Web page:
responses, but failed to provide them and did not offer any explanation for the delay.
(Id.) On April 17, 2015,2 Birmingham East filed a motion to compel response to the
interrogatories, and the court granted the motion a few days later. (See Docs. # 17 &
The interrogatory responses were eighty-one days past due.
18.) On April 29, 2015, Plaintiff provided the interrogatory responses, and stated that
she had filed for Chapter 13 bankruptcy in the Northern District of Alabama “and
reopened the case in April of this year.” (Def. Exh. E.)
During the month of May, counsel for the parties attempted to coordinate
deposition dates for the Plaintiff and four non-party witnesses. (See Def. Exh. F.)
Recognizing a scheduling issue with regard to the depositions, counsel for
Defendants suggested that the parties seek an extension of discovery, and Plaintiff’s
counsel agreed. (Id.) Counsel for Defendants drafted a motion and sent it to counsel
for Plaintiff for review on May 19, 2015. (Id.) In response to the draft motion,
counsel for Plaintiff explained for the first time that the delay in providing
interrogatory responses was due to Plaintiff’s bankruptcy because counsel for
Plaintiff deemed it necessary to re-open the bankruptcy to amend Plaintiff’s schedules
to reflect Plaintiff’s employment discrimination claim.3 (Id.)
II. Summary Judgment Standard
Under Federal Rule of Civil Procedure 56(c), summary judgment is proper “if
the pleadings, depositions, answers to interrogatories, and admissions on file, together
According to the e-mail, counsel for Plaintiff “told her to tell her bankruptcy lawyer to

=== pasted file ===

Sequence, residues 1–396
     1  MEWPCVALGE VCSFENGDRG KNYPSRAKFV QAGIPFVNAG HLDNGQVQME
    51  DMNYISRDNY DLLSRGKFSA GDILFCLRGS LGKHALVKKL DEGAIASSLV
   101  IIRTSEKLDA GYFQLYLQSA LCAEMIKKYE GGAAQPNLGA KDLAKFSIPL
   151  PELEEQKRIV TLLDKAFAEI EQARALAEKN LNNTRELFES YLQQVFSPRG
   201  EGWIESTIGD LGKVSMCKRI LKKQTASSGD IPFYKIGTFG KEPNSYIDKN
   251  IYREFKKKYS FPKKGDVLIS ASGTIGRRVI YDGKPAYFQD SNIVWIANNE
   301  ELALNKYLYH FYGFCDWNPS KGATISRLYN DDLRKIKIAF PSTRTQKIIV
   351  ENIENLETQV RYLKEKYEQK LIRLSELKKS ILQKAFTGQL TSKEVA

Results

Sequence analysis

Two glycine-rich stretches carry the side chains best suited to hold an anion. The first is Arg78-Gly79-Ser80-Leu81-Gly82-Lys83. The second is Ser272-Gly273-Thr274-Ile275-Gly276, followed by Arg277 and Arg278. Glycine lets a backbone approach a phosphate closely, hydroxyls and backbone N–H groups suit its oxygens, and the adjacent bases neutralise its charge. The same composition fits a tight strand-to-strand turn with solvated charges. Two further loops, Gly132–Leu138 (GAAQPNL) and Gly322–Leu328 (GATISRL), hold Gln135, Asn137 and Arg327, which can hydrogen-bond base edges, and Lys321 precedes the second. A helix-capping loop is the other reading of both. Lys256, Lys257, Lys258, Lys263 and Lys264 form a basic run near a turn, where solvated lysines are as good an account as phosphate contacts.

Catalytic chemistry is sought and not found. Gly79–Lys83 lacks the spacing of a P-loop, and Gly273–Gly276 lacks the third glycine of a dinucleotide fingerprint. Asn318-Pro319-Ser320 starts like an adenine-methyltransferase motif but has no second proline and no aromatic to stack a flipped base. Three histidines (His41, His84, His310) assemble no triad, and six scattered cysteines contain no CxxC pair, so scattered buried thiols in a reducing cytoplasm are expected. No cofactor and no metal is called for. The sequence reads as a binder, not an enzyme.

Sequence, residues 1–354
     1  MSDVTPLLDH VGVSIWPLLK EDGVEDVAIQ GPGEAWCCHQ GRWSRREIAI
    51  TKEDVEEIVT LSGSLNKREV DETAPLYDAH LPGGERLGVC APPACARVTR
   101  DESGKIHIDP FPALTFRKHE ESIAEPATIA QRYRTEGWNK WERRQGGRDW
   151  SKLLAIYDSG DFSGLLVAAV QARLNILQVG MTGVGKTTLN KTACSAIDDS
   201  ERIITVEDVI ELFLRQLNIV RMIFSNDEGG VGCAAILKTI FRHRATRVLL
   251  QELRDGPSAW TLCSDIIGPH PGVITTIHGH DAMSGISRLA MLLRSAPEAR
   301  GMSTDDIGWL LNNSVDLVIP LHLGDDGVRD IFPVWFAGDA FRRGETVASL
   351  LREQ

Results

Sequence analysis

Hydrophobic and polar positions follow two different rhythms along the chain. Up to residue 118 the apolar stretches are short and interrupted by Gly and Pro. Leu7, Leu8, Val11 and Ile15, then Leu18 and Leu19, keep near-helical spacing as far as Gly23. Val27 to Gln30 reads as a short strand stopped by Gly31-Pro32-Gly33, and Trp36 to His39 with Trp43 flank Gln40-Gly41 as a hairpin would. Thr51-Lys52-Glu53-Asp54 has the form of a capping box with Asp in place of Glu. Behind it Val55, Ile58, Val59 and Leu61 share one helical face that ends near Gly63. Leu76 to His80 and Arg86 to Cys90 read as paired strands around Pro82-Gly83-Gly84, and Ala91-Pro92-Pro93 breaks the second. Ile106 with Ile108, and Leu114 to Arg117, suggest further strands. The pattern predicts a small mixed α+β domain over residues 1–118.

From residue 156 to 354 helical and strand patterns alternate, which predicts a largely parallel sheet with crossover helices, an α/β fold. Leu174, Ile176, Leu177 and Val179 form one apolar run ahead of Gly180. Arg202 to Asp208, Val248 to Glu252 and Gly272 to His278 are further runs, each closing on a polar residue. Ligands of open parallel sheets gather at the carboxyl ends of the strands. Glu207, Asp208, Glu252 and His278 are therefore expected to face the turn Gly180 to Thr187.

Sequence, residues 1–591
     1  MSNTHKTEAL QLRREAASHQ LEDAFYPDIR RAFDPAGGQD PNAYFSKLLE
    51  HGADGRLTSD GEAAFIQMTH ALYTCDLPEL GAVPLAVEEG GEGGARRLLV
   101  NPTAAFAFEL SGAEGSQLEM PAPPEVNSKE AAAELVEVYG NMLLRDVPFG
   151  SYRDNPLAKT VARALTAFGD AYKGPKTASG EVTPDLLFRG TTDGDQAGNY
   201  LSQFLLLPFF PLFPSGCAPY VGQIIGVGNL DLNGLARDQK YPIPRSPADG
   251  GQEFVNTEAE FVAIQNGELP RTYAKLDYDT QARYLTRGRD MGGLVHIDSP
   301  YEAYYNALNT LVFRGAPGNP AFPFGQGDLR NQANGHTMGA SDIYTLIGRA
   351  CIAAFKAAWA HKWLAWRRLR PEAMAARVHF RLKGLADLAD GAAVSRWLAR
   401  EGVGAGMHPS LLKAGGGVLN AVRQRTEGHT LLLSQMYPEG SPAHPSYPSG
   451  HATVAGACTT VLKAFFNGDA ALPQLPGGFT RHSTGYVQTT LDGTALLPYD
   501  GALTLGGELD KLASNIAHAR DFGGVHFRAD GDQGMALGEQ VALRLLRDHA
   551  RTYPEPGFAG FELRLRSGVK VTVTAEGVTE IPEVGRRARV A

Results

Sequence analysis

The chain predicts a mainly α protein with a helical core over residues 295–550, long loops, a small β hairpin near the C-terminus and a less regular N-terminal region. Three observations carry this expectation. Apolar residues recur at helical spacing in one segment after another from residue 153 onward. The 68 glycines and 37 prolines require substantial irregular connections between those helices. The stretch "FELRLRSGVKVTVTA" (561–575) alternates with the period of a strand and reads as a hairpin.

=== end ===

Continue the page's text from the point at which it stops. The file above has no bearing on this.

amend her schedules to add the claim” when the case was in the EEOC. (Def. Exh. F) The
amendment never happened. (Id.) When Plaintiff’s counsel discovered that the amendment was
never made, he told Plaintiff that “it would most likely be a waste of time to pursue the case
further unless a motion to reopen bankruptcy was filed and granted and the claim added.” (Id.)
with the affidavits, if any, show that there is no genuine issue as to any material fact
and that the moving party is entitled to judgment as a matter of law.” Celotex Corp.
v. Catrett, 477 U.S. 317, 322 (1986); Chapman v. AI Transport, 229 F.3d 1012, 1023
(11th Cir. 2000). The party asking for summary judgment always bears the initial
responsibility of informing the court of the basis for its motion and identifying those
portions of the pleadings or filings which it believes demonstrate the absence of a
genuine issue of material fact. See id. at 323. Once the moving party has met its
burden, Rule 56(e) requires the nonmoving party to go beyond the pleadings and by
its own affidavits, or by the depositions, answers to interrogatories, and admissions
on file, designate specific facts showing that there is a genuine issue for trial. See id.
The substantive law will identify which facts are material and which are
irrelevant. See Anderson v. Liberty Lobby, Inc., 477 U.S. 242, 248 (1986). All
reasonable doubts about the facts and all justifiable inferences are resolved in favor
of the non-movant. See Fitzpatrick v. City of Atlanta, 2 F.3d 1112, 1115 (11th Cir.
1993). A dispute is genuine “if the evidence is such that a reasonable jury could
return a verdict for the nonmoving party.” Anderson, 477 U.S. at 248. If the
evidence is merely colorable, or is not significantly probative, summary judgment
may be granted. See id. at 249.
The method used by the party moving for summary judgment to discharge its
initial burden depends on whether that party bears the burden of proof on the issue